The expression “by the great horn spoon” is a mild oath, about as innocuous as “by the beard of the prophet,” not as strong as “great jumping Jehoshaphat.”
Delvers into our language have been trying to figure out just what a “great horn spoon” was. So far, the search has been unsuccessful.
Apparently it first occurred in a song printed in 1842 in which these lines occur: “He vow’d by the great horn spoon. He’d give them a licking, and that pretty soon.”
We have tried to find a copy of that song in order to determine the allusions, but have not yet discovered one.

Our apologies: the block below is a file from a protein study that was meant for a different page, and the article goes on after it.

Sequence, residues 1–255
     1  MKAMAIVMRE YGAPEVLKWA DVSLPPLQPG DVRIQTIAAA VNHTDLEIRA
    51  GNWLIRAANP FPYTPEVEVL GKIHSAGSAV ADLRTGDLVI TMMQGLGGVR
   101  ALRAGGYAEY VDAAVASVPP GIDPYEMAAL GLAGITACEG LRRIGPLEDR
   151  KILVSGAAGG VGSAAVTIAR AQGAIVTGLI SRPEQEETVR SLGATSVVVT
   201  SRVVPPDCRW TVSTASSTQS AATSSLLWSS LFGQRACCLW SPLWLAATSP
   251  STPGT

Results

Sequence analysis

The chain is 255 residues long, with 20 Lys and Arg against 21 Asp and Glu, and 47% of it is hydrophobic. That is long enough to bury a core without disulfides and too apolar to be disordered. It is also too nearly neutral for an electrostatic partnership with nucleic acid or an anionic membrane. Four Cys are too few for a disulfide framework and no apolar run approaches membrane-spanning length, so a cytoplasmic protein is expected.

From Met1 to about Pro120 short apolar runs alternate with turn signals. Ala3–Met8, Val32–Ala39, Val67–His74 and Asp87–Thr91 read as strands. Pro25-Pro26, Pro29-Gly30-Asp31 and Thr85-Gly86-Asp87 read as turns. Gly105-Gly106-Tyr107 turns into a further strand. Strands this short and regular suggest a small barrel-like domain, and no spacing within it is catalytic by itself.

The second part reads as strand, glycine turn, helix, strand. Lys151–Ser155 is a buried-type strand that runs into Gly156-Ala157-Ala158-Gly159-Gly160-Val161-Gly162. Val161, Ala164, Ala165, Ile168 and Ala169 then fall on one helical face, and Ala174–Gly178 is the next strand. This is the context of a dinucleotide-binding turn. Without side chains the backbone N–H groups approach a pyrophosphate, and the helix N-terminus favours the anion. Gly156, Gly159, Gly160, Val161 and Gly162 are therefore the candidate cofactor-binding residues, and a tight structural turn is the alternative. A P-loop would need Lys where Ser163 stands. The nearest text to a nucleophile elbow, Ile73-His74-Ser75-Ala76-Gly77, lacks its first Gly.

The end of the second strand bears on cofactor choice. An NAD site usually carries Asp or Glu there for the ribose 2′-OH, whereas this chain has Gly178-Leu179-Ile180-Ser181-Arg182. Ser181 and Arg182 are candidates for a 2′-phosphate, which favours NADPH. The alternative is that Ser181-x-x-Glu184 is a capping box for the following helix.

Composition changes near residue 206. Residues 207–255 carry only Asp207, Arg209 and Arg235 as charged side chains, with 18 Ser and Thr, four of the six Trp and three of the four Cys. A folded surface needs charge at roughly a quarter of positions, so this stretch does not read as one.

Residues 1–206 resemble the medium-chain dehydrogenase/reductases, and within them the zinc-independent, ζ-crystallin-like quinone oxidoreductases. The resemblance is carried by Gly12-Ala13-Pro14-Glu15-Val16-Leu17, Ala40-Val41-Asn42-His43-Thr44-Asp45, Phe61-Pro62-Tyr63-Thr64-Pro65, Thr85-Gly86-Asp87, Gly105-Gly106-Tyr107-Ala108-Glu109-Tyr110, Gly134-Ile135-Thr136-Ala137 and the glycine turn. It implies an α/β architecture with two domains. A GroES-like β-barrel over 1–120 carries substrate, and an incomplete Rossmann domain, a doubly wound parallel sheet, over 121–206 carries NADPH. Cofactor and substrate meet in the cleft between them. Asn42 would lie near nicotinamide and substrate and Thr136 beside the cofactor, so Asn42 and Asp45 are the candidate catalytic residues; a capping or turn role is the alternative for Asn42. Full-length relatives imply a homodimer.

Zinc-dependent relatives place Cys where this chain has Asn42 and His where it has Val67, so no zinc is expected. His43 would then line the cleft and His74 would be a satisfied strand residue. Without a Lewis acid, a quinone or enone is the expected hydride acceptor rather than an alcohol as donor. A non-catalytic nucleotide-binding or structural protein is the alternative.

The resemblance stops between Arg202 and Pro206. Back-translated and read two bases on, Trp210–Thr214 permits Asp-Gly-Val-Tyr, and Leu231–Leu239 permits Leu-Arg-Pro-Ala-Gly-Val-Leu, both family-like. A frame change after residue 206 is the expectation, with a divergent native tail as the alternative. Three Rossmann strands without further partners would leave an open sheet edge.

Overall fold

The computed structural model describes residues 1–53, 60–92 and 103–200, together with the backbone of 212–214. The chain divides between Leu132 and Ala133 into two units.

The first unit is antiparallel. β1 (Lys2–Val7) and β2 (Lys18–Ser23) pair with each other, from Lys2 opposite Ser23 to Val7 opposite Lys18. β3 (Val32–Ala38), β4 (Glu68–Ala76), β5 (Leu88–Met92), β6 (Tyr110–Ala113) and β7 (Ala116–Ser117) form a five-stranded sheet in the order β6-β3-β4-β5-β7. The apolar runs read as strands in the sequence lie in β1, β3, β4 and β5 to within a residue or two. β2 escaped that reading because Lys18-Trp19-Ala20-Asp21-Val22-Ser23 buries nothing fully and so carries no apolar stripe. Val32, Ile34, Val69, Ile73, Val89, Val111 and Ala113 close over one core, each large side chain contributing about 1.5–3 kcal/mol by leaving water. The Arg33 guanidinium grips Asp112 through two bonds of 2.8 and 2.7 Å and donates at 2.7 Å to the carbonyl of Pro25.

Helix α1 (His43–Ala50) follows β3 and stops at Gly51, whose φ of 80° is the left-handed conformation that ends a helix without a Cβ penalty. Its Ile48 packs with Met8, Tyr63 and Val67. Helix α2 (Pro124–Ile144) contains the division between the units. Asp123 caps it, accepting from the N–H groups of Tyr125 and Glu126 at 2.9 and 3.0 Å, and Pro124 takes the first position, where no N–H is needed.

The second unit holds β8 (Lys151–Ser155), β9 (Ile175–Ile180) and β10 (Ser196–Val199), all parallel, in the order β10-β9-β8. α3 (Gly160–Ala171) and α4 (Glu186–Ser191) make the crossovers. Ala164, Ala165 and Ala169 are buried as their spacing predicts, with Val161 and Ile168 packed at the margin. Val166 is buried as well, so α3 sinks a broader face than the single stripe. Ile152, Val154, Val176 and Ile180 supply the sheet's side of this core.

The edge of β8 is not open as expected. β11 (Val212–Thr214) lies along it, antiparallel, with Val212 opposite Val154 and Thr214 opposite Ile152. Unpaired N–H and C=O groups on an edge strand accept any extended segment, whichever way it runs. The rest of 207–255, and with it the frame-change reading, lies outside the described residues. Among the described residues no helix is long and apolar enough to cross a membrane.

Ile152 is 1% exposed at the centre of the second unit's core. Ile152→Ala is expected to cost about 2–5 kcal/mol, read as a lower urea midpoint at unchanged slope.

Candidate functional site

Of course, horn spoons, spoons shaped from the curved horns of cattle, were in common use for many centuries before the comparatively recent introduction of cheap, durable metals. But why a horn spoon should suddenly become “great” is still conjectural.
A correspondent, Francis W. Palmer, to the October–December, 1949, issue of American Speech, tries to connect the great horn with the American “bighorn,” the Rocky Mountain sheep, which were called gros comes, “great horns,” by early French explorers.
And he finds that Francis Parkman, in The California and Oregon Trail (1849), says the Indians made “ladles with long handles, capable of holding more than a quart, cut from such horns.”
But to us it does not seem likely that the writer of the song mentioned above could have known that fact in 1842.